Flute making Apprentices

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Damian Thompson
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Tell us something.: I am a keen wooden flute player, I am also an aspiring flute maker. I have been following the page on and off for many years.

Re: Flute making Apprentices

Post by Damian Thompson »

I just wanted to say thanks to Paddler for the heads up on the roughing reamers, I've been searching for something similar to these for a few years now.
Properly working reamers are one of the most important parts of flute making and can be a challenge to maintain, anything that makes the job run more smoothly is a bonus.
I just ordered the same two as Paddler, they seem great value for what they are. Looking forward to using them!

Damian
https://www.thompsonflutes.com/
GreenWood
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Tell us something.: To add to the renaissance flute discussion that is under way. Well, the rest of this field is going to be taken up by a long sentence, which is this one, because a hundred characters are needed before it is accepted.

Re: Flute making Apprentices

Post by GreenWood »

Funnily, I just came across a pdf I had saved a while back, and it lists flutemakers as "Critically Endangered". That's for UK though so I guess anyone outside doesn't have to feel like they are going to be put on a reserve.

Listed between flintknappers and flydressers is

https://heritagecrafts.org.uk/woodwind- ... ng-flutes/

Which looks at some of the difficulties faced by the craft.


Also I just saw an seanduin mentioned case hardening, and I had mentioned it also. It is not that hard in fact. I have a double bellows because of bloomery smelting, but many others use whatever air supply they have (from hairdryer through to vacuum cleaner outlet) to run a forge. A forge in this case is a shallow pit in soil of say 20cm diameter (depending on size of object) , or a small embankment that height made out of soil (not rocks unless you know which, because they explode sometimes), or anything similar shaped. You need maybe five kg of charcoal. The item is placed in a tin (say an old spray canister) packed with crushed charcoal, and the end or ends just hammered closed onto it so any gaps are say under a mm. Then that is placed in hottest part of the forge which tends to be just after where air supply blows through brightest coals (i.e. just move it to where it heats to lightest colour ) and kept like that for half an hour. We did one tool for quarter of an hour at yellow heat and that worked, but the longer the time the greater the depth the carbon sinks in, and so the greater the depth of high carbon steel. Online there are examples for all the above. Gloves and glasses are a good idea, and staring at the hot part of the furnace/work is avoided.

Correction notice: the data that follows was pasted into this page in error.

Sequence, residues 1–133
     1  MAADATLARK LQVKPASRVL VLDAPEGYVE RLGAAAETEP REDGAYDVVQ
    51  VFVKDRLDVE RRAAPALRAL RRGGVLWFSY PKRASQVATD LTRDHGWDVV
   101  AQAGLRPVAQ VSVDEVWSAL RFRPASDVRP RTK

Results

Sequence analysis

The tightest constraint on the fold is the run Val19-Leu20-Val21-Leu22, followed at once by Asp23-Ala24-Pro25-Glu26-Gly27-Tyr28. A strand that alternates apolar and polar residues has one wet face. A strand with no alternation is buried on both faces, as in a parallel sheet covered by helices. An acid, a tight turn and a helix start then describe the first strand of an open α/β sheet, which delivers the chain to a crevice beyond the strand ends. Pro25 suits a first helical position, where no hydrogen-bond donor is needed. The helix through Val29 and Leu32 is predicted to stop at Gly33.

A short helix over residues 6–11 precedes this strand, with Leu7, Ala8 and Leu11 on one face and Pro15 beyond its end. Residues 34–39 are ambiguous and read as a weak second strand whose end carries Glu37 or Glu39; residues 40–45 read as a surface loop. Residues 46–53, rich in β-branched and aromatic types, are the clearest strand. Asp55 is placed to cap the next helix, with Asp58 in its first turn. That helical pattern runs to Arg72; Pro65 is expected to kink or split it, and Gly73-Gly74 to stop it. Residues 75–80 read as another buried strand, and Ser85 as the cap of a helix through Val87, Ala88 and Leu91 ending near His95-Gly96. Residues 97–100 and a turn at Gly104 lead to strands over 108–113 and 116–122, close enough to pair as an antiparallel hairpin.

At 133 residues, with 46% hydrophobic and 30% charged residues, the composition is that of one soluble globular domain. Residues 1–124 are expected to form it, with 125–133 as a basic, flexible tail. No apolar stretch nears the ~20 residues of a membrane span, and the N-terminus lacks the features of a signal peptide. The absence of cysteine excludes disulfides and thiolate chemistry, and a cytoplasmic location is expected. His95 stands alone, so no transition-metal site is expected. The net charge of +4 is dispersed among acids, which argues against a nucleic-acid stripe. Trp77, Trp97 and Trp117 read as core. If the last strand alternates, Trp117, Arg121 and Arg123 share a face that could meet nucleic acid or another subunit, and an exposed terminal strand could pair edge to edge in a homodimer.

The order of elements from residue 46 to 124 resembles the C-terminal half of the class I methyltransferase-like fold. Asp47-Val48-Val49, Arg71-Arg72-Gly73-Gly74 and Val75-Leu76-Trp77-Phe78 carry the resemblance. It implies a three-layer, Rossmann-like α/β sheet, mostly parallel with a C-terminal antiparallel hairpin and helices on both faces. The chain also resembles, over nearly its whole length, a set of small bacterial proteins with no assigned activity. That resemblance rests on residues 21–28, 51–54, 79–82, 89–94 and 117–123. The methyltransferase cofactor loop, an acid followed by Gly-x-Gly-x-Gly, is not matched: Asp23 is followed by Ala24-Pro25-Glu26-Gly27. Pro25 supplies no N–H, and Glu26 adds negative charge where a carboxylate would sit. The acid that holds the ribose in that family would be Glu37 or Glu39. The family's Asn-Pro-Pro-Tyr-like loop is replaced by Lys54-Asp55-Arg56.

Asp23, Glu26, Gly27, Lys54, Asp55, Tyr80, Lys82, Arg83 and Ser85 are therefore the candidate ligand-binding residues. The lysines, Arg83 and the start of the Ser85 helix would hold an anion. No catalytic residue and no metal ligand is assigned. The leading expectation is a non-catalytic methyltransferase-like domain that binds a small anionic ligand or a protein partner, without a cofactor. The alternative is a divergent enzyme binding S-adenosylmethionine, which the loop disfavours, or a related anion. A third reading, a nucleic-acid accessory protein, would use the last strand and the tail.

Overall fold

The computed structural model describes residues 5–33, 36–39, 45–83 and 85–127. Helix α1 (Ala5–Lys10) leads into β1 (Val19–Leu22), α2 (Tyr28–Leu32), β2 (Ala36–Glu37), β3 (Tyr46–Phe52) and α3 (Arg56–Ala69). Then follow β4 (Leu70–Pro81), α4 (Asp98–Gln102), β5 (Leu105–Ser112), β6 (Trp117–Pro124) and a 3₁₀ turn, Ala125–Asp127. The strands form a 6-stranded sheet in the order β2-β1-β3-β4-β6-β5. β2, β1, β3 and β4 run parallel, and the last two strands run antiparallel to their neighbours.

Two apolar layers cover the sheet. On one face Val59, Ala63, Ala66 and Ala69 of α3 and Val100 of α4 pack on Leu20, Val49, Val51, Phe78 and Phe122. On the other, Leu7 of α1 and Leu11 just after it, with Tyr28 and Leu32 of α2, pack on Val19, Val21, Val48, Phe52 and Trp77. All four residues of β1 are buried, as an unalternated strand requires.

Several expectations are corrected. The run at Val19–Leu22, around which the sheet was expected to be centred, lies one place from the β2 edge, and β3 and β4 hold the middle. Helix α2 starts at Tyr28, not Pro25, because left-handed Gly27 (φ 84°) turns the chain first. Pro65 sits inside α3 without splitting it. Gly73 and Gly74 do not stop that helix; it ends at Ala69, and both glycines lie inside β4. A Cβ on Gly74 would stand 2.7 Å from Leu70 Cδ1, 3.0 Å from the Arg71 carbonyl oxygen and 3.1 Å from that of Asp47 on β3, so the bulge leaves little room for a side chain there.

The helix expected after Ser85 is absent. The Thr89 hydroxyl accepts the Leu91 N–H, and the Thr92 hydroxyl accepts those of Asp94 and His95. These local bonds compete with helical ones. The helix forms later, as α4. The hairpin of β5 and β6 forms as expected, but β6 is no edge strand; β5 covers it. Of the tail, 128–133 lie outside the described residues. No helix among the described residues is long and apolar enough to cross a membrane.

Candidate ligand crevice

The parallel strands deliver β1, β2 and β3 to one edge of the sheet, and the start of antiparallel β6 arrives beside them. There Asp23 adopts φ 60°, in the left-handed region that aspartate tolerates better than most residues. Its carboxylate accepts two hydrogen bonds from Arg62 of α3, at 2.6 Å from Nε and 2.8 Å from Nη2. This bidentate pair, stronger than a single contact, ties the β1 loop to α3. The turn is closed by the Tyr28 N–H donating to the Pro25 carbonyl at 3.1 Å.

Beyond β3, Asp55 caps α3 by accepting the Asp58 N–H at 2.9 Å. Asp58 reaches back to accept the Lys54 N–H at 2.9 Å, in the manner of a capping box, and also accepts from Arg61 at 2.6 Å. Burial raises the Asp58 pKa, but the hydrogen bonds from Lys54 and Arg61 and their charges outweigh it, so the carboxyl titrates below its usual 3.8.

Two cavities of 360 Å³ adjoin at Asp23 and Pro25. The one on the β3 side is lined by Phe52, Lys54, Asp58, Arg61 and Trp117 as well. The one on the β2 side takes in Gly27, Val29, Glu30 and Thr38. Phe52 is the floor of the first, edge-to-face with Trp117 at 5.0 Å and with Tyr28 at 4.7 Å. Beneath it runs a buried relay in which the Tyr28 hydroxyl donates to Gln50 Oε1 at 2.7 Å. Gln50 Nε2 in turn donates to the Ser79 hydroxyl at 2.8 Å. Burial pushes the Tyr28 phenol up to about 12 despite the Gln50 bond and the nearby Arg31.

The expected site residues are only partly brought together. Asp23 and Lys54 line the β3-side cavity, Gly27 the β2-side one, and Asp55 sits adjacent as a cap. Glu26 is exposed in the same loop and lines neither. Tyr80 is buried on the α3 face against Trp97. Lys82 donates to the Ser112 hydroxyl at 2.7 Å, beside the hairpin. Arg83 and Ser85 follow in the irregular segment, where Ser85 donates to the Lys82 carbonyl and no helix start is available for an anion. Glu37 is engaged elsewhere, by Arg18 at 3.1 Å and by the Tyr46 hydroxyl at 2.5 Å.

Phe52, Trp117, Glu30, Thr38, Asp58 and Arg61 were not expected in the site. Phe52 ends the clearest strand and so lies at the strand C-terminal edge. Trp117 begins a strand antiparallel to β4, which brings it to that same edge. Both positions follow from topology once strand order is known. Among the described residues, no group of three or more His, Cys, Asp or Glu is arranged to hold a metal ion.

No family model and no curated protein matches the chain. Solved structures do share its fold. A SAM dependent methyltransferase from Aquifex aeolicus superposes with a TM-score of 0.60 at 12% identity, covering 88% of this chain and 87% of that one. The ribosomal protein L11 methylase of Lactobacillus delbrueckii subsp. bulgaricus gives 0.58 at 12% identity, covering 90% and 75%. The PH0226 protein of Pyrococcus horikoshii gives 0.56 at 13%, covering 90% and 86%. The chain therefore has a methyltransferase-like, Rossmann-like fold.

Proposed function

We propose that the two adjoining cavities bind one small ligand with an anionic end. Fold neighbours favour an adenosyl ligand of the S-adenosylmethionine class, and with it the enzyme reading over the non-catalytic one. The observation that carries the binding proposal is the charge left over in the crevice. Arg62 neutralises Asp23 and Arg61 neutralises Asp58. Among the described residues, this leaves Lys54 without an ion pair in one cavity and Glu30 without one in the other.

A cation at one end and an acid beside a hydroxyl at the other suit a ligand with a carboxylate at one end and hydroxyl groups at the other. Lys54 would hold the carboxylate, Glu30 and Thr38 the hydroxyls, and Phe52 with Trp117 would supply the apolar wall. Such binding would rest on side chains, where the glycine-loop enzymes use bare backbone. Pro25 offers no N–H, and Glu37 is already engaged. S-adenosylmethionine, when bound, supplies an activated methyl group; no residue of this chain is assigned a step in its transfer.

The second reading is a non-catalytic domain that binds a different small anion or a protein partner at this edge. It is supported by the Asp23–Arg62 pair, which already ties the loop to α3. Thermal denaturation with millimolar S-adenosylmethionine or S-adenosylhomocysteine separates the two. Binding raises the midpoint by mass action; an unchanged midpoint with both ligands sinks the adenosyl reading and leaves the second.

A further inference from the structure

[Edit in... Just remembering the first case hardening I did, and that was the tip of a drop percussion bit for boring a well, and that was done in a large tin packed with charcoal, using a steel bucket with some plaster/sand mixture lining inside the bucket, about 5cm thick. A lid of same was made, with the meter high drill bit sticking out through it (only the tip needed hardening), and the inside of that furnace was heated via a hole in the side of the bucket using a blow torch, for about an hour. I later took that to be reshaped at a metal workshop because all I had was a hacksaw, and the smith there had difficulty cutting it also... he asked me a bit perplexed why the cut metal was a different colour, and I told him I had heated it in charcoal and he nodded. So just to say a torch powered furnace works as well. ]
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Terry McGee
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Re: Flute making Apprentices

Post by Terry McGee »

GreenWood wrote: Sat Sep 11, 2021 2:43 pm Funnily, I just came across a pdf I had saved a while back, and it lists flutemakers as "Critically Endangered".
Woah. I was feeling quite good until I read that...
GreenWood
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Tell us something.: To add to the renaissance flute discussion that is under way. Well, the rest of this field is going to be taken up by a long sentence, which is this one, because a hundred characters are needed before it is accepted.

Re: Flute making Apprentices

Post by GreenWood »

Terry McGee wrote: Sat Sep 11, 2021 5:52 pm
GreenWood wrote: Sat Sep 11, 2021 2:43 pm Funnily, I just came across a pdf I had saved a while back, and it lists flutemakers as "Critically Endangered".
Woah. I was feeling quite good until I read that...
... and as if there weren't enough fear loosed on everyone already. I think I will remain anonymous to avoid being shortlisted though... at least I think they won't know I make flutes... what if they have inspectors though :-? . You're ok Terry, you are protected by your notoriety, but I'm just the sort they would use as example :( .
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